United States Secretary of Education Betsy DeVos proposed cutting funding for the Special Olympics before a House subcommittee on Tuesday, according to Todd Spangler of the Detroit Free Press.
"We are not doing our children any favors when we borrow from their future in order to invest in systems and policies that are not yielding better results," she said while presenting the Department of Education's budget proposals.
The news was met with swift rebukes from several lawmakers:
They weren't alone:
Per Spangler, "In the case of the $17.6 million cut to help fund the Special Olympics, a program designed to help children and adults with disabilities, DeVos suggested it is better supported by philanthropy and added, 'We had to make some difficult decisions with this budget.'"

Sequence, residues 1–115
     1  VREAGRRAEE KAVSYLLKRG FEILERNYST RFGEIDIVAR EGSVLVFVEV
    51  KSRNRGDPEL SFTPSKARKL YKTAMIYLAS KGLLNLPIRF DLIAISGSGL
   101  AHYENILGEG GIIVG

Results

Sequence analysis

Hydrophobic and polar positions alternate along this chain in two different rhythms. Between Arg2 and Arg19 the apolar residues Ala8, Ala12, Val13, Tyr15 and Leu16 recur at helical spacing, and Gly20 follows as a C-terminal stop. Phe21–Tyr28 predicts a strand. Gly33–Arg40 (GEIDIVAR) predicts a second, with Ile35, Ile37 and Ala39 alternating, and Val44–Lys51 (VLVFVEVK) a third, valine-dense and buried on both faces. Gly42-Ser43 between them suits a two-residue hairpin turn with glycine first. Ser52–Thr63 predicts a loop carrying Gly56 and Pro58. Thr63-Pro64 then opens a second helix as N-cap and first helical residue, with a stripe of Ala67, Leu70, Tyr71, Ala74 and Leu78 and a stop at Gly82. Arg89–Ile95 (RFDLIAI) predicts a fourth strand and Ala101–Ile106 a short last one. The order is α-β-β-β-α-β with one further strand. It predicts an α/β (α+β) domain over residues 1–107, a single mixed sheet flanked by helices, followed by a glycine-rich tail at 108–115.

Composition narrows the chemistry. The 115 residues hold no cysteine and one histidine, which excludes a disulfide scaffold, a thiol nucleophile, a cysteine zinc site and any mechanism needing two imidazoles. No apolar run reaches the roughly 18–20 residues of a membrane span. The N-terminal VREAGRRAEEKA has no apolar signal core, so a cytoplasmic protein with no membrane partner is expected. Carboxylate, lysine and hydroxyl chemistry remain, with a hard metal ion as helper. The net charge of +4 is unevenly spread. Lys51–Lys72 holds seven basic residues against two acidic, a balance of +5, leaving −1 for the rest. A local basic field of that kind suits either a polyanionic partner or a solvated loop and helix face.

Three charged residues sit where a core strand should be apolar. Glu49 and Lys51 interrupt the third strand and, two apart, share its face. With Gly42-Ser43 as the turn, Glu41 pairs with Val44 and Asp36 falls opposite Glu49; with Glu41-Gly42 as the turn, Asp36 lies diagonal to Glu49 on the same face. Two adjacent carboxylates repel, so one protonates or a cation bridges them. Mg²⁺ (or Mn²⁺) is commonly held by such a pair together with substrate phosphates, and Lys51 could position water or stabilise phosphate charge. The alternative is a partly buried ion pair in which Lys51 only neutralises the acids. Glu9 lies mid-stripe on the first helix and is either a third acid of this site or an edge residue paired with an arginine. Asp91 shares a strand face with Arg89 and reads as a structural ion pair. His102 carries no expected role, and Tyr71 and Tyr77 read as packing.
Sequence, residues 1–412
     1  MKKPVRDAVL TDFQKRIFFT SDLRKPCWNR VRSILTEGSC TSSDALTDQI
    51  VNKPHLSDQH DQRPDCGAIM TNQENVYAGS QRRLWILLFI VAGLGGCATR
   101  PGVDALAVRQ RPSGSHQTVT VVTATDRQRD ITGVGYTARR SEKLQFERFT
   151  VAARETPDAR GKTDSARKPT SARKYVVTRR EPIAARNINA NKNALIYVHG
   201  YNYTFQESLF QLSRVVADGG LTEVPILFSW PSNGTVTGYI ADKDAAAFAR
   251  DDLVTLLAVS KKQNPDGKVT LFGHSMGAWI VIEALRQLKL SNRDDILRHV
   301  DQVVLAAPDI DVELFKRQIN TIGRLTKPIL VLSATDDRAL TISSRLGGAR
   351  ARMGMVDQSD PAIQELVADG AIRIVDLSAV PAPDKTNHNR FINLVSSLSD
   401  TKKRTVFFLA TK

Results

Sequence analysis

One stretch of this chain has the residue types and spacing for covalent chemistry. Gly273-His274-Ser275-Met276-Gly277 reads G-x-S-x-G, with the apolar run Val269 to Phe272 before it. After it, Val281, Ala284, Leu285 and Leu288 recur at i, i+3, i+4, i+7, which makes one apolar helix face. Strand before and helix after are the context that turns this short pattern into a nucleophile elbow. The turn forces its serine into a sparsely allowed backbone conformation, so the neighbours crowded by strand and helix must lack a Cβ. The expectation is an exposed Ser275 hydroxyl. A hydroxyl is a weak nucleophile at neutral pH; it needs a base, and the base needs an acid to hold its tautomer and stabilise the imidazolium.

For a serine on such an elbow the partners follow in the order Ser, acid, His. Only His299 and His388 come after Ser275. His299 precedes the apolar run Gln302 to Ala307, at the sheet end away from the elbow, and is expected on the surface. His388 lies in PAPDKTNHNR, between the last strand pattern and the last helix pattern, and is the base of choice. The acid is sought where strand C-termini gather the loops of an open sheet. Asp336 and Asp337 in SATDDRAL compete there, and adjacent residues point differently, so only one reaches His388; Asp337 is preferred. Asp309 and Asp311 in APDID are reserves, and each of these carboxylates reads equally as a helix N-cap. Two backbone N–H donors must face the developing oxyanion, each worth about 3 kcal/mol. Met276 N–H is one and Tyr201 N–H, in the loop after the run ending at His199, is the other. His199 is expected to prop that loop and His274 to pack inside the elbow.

It's unlikely that many of DeVos' proposed cuts will be approved, with the Democrat-controlled House unlikely to sign off on her budget. As Spangler noted, many of DeVos' more extreme proposals were blocked by the House even when it was controlled by a Republican majority.
The Special Olympics was founded in 1968 for athletes with intellectual disabilities, with over 5 million people in over 170 countries competing in the initiative in 2016.
In the organization's mission statement, it notes that it "strives to create a better world by fostering the acceptance and inclusion of all people" using the "the power of sports" to help "people with intellectual disabilities discover new strengths and abilities, skills and success."